There’s a new dance routine on social-media sites that has five catchy poses and one enormously powerful message of support. The #iamchild dance-therapy routine is part of a project in support of Syrian children affected by ongoing civil war.
The routine was created by Israeli-Turkish journalist Michal Bardavid to give emotional and moral support to millions of the world’s refugee children.
In addition to being an international correspondent for China Central Television, Bardavid is a psychological counselor and a certified dance therapist. After meeting hundreds of Syrian children in refugee camps on the Turkish-Syrian border, she created a motivational dance exercise made up of five positively worded sentences accompanied by five movements to show the kids that someone cares.
The five phrases – “I am loved,” “I am a child,” “I am safe,” “I am a whole person,” “I am beautiful” – are spoken in Arabic.
“The accompanying movements make the emotion more concrete as children say the sentences out loud,” Bardavid writes about the project.
In honor of today’s United Nations Universal Children’s Day (Nov. 20), a day that promotes “international togetherness, awareness among children worldwide, and improving children’s welfare,” Bardavid uploaded a call-to-action video – in English and Turkish — asking people to join the movement and show support for the Syrian kids.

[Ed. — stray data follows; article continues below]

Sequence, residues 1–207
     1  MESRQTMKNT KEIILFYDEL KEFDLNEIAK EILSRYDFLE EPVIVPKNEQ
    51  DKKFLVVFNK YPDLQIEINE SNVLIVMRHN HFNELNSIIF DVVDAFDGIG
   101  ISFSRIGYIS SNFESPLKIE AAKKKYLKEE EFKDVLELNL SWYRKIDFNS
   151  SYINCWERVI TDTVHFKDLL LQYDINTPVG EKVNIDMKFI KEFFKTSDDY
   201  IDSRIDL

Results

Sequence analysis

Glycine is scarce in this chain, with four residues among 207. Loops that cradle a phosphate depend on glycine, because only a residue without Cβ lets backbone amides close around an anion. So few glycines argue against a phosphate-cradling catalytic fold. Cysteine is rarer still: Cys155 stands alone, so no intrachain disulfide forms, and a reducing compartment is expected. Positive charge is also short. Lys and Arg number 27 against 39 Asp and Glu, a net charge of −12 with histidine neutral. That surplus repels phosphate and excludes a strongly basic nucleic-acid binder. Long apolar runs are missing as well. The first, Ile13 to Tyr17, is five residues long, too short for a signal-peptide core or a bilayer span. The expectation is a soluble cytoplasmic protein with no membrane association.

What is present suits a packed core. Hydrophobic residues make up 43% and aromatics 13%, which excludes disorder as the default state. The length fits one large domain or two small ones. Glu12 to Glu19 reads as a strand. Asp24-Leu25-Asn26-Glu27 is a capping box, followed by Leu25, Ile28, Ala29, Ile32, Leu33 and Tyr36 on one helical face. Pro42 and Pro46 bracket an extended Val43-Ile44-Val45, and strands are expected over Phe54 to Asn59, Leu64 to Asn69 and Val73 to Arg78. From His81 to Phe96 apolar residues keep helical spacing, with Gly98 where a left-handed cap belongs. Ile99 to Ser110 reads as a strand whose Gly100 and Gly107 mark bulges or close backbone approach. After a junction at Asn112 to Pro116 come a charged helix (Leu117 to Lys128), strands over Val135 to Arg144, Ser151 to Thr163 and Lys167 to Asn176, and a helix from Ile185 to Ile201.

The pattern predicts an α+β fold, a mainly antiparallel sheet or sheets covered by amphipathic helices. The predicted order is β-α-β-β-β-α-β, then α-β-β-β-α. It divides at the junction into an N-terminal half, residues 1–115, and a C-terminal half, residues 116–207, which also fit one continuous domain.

So far, she has documented 600 Syrian refugee children and 350 Turkish schoolchildren doing the #iamchild dance routine.
A handful of children in Israel, Iraq, Spain, the UK and Turkey have sent in heartwarming homemade videos of how they perform the dance routine.
“#iamchild is about empowering Syrian refugee children, creating solidarity among Syrian and international children, and increasing global awareness on the issue. We want people to actively, physically show their solidarity with a simple movement sequence that aims to support Syrian children’s wellbeing,” writes Bardavid.
Bardavid wants to reach as many Syrian refugee children as possible via social media and word of mouth.
“It’s important to remember Syrian kids are actually the ones most affected by the conflict,” writes Bardavid, noting that she hopes her #iamchild project will “induce a positive emotion even if for a brief moment.”